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Yes, parrots are sweet looking and fascinating, but their care is far more complex than a cat or dog. They are not like having a cat or dog. There is MUCH to consider.

Consider these things!

How much time do you have?

How much space do you have

How much noise can you or your neighbors tolerate ?

Parrots are loud, loud, loud

Did I mention that parrots our loud?

Are you really prepared?

Did you know that parrots are very destructive if left unattended?

Do you know that you can not just let a parrot sit in a cage all day and do nothing more for him than feed him?

Do you know that some parrots will self-mutilate if they do not get interaction and regular stimuli?

Do you know that you will be doing a lot of cleaning with this bird?

Do you know that bird poop stains clothes, furniture , and carpets indiscriminately?

Do you know that you can't take a day off from their complex care just because you are sick with the flu?

Do you know that they can bite hard and it is natural to do so?

Do you know that your parrot could out-live you?

Who would take care of him when you are gone?

Did you know that your feathered friend does not adapt to you, YOU adapt to HIM!

What will you do when your bird becomes sexually mature and he exhibits sexual behavior? There is no spay and neutering option for avian pets......

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Well, now that you know all that,

Are you a perpetually nurturing person? If so, you may be ready for an avian pet!

Do you have lots of patience? Do you follow through with commitments with die-hard dedication ? If so, a parrot might do well with you.\You've done the research? Good, but there will be much more to learn as you and your new friend get to know each other........

What to look for?

The over all appearance. Feathers aren't always an indication of bad health because a molting bird can look pretty scruffy, but make sure that it is not anything else.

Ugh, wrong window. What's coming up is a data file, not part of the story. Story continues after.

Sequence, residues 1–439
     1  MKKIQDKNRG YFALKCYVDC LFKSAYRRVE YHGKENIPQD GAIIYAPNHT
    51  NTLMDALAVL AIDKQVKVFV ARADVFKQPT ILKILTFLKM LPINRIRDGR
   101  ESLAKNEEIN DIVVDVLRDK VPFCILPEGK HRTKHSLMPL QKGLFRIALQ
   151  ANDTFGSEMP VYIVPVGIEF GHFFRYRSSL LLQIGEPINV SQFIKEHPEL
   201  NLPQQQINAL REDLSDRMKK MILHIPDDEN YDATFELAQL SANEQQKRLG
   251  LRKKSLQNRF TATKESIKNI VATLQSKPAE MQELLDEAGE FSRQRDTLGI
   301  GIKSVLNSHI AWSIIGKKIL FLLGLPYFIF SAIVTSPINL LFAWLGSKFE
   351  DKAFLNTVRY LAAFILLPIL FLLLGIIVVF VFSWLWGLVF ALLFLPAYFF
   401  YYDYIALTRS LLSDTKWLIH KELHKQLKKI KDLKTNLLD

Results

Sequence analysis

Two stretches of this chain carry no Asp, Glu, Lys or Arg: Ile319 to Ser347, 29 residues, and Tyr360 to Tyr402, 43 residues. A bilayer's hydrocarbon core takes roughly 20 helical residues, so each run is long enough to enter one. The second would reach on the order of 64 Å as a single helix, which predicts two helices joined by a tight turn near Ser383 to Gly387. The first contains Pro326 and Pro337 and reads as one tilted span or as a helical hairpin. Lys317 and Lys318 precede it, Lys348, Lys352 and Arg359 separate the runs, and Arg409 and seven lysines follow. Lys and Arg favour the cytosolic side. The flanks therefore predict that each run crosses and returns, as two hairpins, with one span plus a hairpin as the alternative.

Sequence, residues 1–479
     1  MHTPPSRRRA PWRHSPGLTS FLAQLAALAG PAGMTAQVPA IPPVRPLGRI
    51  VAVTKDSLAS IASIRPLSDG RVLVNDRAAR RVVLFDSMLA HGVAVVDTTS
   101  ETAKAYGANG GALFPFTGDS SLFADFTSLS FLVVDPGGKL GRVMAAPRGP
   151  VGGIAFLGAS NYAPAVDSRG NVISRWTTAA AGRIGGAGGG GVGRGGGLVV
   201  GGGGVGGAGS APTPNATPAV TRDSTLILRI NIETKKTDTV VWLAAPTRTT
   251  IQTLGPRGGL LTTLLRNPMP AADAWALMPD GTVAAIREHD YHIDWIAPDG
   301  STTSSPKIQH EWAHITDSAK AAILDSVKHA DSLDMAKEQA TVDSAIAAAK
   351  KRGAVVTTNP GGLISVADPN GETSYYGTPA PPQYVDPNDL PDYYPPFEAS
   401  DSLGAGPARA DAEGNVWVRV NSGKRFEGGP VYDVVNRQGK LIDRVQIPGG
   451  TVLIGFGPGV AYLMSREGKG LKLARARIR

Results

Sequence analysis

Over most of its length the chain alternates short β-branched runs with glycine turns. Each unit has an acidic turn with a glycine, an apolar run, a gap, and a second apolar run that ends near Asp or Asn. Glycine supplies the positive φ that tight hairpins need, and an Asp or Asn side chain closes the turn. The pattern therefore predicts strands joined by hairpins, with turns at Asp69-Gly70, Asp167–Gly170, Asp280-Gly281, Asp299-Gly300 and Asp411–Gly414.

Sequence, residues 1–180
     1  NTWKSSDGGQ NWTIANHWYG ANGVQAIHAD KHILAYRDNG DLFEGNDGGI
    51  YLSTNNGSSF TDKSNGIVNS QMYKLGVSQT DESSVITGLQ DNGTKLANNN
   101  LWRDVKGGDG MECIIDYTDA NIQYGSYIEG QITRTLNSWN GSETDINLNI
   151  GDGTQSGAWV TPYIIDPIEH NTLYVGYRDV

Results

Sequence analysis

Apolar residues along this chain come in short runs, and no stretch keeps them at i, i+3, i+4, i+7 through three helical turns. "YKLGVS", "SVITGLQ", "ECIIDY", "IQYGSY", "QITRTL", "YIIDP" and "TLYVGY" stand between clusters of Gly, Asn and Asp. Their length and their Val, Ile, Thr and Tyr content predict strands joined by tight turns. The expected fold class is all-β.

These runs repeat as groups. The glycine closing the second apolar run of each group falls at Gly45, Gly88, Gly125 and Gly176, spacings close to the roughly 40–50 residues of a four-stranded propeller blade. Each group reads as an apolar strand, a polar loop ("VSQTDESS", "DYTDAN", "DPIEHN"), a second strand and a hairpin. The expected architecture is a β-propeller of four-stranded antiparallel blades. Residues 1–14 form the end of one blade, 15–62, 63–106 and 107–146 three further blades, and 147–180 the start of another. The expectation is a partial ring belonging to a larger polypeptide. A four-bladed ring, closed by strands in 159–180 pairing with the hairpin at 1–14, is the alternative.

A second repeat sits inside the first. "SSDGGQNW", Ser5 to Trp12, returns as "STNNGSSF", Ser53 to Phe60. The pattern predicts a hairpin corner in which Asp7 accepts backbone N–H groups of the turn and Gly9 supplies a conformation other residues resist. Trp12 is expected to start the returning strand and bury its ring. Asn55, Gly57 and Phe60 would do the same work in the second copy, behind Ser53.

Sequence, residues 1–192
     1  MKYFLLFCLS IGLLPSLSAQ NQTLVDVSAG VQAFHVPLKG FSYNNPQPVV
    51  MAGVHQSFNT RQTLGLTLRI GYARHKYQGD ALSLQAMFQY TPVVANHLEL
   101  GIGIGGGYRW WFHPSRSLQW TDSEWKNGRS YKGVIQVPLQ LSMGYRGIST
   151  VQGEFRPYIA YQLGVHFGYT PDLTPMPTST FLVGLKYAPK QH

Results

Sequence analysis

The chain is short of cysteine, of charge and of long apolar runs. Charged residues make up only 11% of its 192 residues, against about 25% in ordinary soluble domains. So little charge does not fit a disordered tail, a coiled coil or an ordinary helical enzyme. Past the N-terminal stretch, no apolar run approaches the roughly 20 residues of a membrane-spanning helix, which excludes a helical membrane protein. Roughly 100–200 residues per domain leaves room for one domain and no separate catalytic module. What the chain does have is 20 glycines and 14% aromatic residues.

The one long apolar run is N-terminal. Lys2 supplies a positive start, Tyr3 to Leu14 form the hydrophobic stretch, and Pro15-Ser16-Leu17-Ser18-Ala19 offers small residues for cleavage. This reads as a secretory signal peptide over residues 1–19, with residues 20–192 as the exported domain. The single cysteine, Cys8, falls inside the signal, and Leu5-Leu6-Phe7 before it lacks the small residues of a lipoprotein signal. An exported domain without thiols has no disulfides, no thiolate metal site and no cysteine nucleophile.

Does he pluck his feathers?

Eye pinning. Do his eyes dilate when excited or scared?

Is the grasp of each foot strong and equal?

Are there any open sores or growths?

Are his droppings a normal color?

Do you know what normal is?

Is he fearful or curious of you?

Does he make a clicking noise when he breathes ?

Is there some kind of documented history on this bird and age, origin, etc?

Does the store, breeder, or rescue offer a return if you do not feel you can care for the new pet?

You and your new friend can have a wonderful bond that will last for years to come.

Your friend can be playful and humorous.

Your friend can learn to love you and your family..

Having an avian pet can be a rewarding experience.

Having and avian pet can teach great responsibility.

Having an avian pet is a unique experience and should be treated as such...If you do not feel you can handle all these situations for the long term , you may want to reconsider....In the event that you cannot keep your bird any longer , due to whatever reason, call the breeder where you got him/her to see if they will take him there. If not, you have a responsibility to insure that you find a good and educated home for this avian pet Not all people understand avian care and rescues are becoming more and more full......

These are just a few things to consider Please do the research before committing to any bird.

 

More about parrots

When a person walks into a pet shop, they are naturally awed by the majestic looking bird in the cage. The pet shop owner, or breeder, might get him out and let him interact with you, especially if he is a hand fed baby. He may move close to you to be scratched on the head, or even cuddle. He may look at you with big, sparkling eyes and say, "Hello!" This is adorable and VERY appealing. This is also the "perfect image" that we take home with us as we contemplate the pet we just fell in love with, and consider how we might come up with the money to buy him.What we don't realize is that perfect picture is not always so perfect.There is much more going on with the birdie psyche than that of a cat or dog. At the very least, it's different. It is why they are called exotic pets. It is not just because they originate from abroad. It is also because they are unusual, interesting , mysterious, an enigma, striking, strange, and even bizarre. These are all terms that can be found in a thesaurus as it pertains to the word exotic.

First of all, of all the creatures in the world to be caged, if you think about it, the last of them should be a bird. A creature made to fly and climb through the treetops is not naturally built or inclined to cage dwelling. They don't live in holes like rodents, or caves like other animals. They live in trees and clefts in the rocks and mountains. They dance in the wind. And, for this reason, you should not take a parrot/bird home unless you are committed to making their life as comfortable as possible for as long as necessary, which is forever.Small and large, birds can be housed in flight cages to give them room to fly around, as nature would have it. If you can not do this for them, then you must continue to allow them time out of the cage on a daily basis. There will be times when this is not feasible, but on most days this must be done.